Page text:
SC agrees to consider petition to hear same-sex marriage review in open court

The review petition said the Supreme Court verdict compelled queer couples, who wished the joys of a real family, to remain in the closet and lead dishonest lives

Updated - November 24, 2023 07:46 am IST

Published - November 23, 2023 12:43 pm IST - NEW DELHI

A LGBTQ+ rights activist leaves the premises of the Supreme Court after the verdict on same-sex marriages on October 17, 2023. File

A LGBTQ+ rights activist leaves the premises of the Supreme Court after the verdict on same-sex marriages on October 17, 2023. File | Photo Credit: Shashi Shekhar Kashyap

The Supreme Court on Thursday agreed to look into a request for an open court hearing of a petition seeking a review of its majority judgment in October refusing to legalise same-sex marriage.

Appearing before a Bench headed by Chief Justice of India D.Y. Chandrachud, senior advocates Mukul Rohatgi, Menaka Guruswamy, advocates Arundhati Katju and Karuna Nundy urged the court to post the review in open court rather than by the usual way of circulation in judges’ chambers.

Also Read | Why did the Supreme Court not allow same-sex marriage? | Explained 

Justice S. Ravindra Bhat, who headed the majority opinion, has already retired. Justice Sanjay Kishan Kaul, who was part of the minority opinion, is set to retire on December 25, 2023.

The review petition said the top court verdict compelled queer couples, who wished the joys of a real family, to remain in the closet and lead dishonest lives.

The judgment had acknowledged that queer partners suffered from the indignity of discrimination in their everyday lives, but denied them any judicial relief, choosing to leave the community at the mercy of government policy and legislative wisdom.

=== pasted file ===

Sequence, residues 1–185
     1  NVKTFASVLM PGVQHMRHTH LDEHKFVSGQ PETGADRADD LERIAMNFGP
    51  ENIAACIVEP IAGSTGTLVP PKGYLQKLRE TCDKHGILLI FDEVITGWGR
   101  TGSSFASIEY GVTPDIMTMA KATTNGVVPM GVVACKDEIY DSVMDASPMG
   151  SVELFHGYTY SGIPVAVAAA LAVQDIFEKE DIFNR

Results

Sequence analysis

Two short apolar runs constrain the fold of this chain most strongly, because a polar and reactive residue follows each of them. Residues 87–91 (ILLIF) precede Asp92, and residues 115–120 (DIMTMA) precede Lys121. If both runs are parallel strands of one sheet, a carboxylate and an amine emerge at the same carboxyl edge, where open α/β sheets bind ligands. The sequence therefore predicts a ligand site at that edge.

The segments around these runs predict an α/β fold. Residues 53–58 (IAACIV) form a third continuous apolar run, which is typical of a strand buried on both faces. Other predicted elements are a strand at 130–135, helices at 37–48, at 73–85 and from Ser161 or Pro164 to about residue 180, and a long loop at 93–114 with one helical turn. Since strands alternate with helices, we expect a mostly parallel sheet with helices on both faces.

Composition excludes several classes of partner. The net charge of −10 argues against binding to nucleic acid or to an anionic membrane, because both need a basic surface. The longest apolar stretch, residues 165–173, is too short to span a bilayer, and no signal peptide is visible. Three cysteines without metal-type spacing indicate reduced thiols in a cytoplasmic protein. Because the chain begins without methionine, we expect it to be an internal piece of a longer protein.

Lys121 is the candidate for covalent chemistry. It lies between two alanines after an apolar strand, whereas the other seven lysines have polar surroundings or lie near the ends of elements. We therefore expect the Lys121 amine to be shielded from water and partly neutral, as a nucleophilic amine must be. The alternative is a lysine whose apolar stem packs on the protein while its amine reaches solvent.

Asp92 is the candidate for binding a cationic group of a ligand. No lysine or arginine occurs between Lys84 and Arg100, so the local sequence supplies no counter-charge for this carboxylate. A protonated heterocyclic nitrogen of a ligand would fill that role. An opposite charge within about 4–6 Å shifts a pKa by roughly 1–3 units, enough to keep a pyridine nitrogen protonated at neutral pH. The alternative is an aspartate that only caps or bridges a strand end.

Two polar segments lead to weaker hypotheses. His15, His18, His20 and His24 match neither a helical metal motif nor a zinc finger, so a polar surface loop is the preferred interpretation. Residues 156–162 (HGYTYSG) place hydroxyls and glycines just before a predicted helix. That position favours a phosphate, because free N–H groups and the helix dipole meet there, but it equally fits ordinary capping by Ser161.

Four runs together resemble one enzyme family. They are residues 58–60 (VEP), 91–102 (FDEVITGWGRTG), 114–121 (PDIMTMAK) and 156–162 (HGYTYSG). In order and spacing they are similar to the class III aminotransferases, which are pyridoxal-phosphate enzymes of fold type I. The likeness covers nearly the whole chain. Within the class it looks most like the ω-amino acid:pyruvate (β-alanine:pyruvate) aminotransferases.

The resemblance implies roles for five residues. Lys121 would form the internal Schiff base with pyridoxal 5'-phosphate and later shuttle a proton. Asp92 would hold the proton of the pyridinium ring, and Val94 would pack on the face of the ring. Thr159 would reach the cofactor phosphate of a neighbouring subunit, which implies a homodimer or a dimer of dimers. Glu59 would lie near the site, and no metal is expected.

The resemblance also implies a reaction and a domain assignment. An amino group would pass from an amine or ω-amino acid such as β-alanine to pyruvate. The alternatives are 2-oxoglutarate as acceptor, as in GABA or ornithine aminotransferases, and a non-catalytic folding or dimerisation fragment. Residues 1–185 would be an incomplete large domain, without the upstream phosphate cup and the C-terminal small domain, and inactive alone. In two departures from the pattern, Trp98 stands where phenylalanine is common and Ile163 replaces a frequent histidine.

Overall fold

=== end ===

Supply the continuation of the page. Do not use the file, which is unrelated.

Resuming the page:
‘Parliament ideal forum’

On October 17, the Supreme Court had said it did not want to leave the constraints of judicial power to encroach into the legislative domain of the Parliament. It said the Parliament was the ideal forum to debate and pass laws, or not, on the question of conferring legal status to same-sex marriage.

A majority of the three judges on the Constitution Bench had disagreed with the view of Chief Justice Chandrachud that the government should at least grant a ‘civil union’ status to same-sex partners, saying such a concept was not backed by statutory law.

Also Read |Law and custom: On the Supreme Court’s verdict on same-sex marriage

The review petition has contended that the majority judgment contradicts itself in several fronts.

For one, the Constitution Bench had said the Parliament conferred social status for marriage as an institution under the Special Marriage Act of 1954. But, despite this finding, the Bench had finally settled on the opposite premise that the terms of marriage were largely set independent of the state, and the status of marriage was not conferred by the state.

The petitioners had urged the Constitution Bench to include same-sex marriage within the ambit of the 1954 Act.

‘A fundamental right’

The review petition emphasised that the right to marry was a fundamental right.

“No contract or forceful state action can curtail an adult’s fundamental right to marry,” the review petition has said.

The review plea pointed out that the 1954 Act excluded same-sex marriages from its ambit at a period when homosexuality was a “vice” and a crime.

The petition noted that it was the Supreme Court itself which had decriminalised homosexuality. The majority judgment, the plea said, has fallen short of the constitutional obligations of the top court towards queer couples.

It said ideals of equal participation, dignity, fraternity remained fallacious for the queer community unless the judicially intervenes to review its own judgment.

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